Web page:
1 2 S T E P T O O L K I T
30. Our Southern Friend

Pioneer A.A., minister’s son, and southern farmer, “Who am I,” said he, “to say there is no God?”       FATHER IS AN Episcopal minister and his work takes him over long drives on bad roads. His parishioners are limited in number, but his friends are many, for to him race, creed, or social position make no

29. Joe’s Woes

These were only beginning when he hit Bellevue  for the thirty-fifth time. He still had the state hos-  pital ahead of him; and even after A.A., a heartbreak-  ing test of his new-found faith.       I NEVER DRANK in high school or in college, because I never went to high school or college. I’ve never been

28. They Lost Nearly All

      The twelve stories in this group tell of alcoholics at its miserable worst. Many tried everything—hospitals, special treatments, sanitariums, asylums, and jails. Nothing had worked. Loneliness, great physical and mental agony; these were the common lot. All had taken shattering losses on nearly every front of life. Some went on trying to live with alcohol.

27. New Vision For Sculptor

His conscience hurt him as much as his drinking.  But that was years ago.       I THINK that life, when I was growing up, was the most wonderful life that any kid ever had. My parents were very successful and every new luxury and every new beauty that came into the house was keenly appreciated by

26. Me An Alcoholic?

Barleycorn’s wringer squeezed this author—but he escaped quite whole.        WHEN I TRY to reconstruct what my life was like “before,” I see a coin with two faces.  One, the side I turned to myself and the world, was respectable—even, in some ways, distinguished. I was father, husband, taxpayer, home owner. I was club-man, athlete,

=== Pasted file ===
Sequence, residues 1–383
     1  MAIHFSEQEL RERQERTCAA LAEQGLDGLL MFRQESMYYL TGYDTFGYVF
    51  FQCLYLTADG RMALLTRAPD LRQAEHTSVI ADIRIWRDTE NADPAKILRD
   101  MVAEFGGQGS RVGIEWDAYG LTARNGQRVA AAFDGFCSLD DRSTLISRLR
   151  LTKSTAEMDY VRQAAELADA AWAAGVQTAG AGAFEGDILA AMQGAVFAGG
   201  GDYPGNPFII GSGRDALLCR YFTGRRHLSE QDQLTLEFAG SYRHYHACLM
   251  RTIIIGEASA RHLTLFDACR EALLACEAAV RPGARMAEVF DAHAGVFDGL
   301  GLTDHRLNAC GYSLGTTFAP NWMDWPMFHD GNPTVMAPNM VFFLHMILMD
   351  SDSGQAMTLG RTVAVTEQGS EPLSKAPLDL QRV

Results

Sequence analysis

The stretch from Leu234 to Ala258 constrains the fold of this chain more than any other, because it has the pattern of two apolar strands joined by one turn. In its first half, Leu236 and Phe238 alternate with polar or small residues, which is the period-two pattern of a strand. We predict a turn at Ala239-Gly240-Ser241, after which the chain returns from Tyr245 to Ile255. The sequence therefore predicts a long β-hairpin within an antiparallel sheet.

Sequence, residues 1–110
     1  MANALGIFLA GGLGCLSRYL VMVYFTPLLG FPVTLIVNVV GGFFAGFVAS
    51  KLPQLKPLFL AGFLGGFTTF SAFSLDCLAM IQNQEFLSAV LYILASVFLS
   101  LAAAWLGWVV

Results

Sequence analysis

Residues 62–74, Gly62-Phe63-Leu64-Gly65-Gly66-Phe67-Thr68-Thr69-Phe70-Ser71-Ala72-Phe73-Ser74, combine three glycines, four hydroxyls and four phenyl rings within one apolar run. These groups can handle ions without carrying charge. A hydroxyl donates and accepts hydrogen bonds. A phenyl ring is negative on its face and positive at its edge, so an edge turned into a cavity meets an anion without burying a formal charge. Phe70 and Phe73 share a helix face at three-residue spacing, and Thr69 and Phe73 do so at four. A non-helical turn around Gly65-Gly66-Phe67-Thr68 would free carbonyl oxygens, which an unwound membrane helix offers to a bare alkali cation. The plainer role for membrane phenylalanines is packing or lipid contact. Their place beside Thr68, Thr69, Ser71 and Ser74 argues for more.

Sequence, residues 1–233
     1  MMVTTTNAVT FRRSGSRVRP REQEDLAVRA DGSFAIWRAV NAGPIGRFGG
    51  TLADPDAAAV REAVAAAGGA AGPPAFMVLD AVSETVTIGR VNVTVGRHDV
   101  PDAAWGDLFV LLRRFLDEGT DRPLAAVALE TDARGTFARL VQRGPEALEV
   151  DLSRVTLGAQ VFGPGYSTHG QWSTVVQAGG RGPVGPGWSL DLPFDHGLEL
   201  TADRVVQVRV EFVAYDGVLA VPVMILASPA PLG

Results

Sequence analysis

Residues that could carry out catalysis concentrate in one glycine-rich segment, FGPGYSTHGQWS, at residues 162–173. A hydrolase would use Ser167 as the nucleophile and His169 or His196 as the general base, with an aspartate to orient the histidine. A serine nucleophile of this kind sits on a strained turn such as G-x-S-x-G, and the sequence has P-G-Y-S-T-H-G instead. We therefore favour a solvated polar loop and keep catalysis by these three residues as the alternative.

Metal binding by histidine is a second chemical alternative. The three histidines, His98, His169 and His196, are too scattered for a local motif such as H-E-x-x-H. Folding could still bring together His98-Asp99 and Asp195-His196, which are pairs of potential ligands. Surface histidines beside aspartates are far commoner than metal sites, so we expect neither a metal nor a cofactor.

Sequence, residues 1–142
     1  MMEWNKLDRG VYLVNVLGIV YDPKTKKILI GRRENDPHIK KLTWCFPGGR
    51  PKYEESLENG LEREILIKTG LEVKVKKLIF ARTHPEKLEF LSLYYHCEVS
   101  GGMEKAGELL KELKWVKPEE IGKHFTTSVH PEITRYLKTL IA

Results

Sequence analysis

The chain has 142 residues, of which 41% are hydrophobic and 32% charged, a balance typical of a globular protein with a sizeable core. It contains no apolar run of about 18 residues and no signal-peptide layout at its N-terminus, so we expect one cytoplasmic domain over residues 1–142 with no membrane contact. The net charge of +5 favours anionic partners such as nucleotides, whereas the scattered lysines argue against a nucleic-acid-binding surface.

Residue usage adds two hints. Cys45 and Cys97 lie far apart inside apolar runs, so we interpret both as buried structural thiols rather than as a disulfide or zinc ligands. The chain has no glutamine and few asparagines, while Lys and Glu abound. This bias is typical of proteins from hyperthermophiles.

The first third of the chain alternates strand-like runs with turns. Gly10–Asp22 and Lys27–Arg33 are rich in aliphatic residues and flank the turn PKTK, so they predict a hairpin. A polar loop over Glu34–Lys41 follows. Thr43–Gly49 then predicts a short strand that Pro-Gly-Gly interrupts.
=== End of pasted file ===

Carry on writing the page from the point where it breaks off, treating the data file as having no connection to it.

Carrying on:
25. Stars Don’t Fall

A titled lady, her chief loss was self-respect. When the overcast lifted, the stars were there as before.        MY ALCOHOLIC PROBLEM began long before I drank. My personality, from the time I can remember anything, was the perfect set-up for an alcoholic career. I was always at odds with the entire world, not to

24. Physician, Heal Thyself!

Psychiatrist and surgeon, he had lost his way until he realized that God, not he, was the Great Healer.        I AM A PHYSICIAN, licensed to practice in a western state. I am also an alcoholic. In two ways I may be a little different from other alcoholics. First, we all hear at A.A. meetings

22. The Housewife Who Drank At Home

She hid her bottles in the clothes hampers and in the dresser drawers. She realized what she was be- coming. In A.A., she discovered she had lost nothing and had found everything.        MY STORY HAPPENS to be a particular kind of woman’s story; the story of the woman who drinks at home. I had

21. His Conscience

It Was The Only Part Of Him That Was Soluble To Alcohol.        HOW WAS I to Know that I was an alcoholic? No one ever told me that I was or even hinted that I had passed the point of no return. Some years ago my thinking was that alcoholics just did not live

20. Unto The Second Generation

A young veteran tells how a few rough experiences pushed him into A.A.—and how he was therefore spared years of suffering.       MY EYES OPENED onto a hazy world. Two fuzzy objects came into focus. Slowly I realized I was in bed and that the objects were my feet, encased in a harness affair. I blinked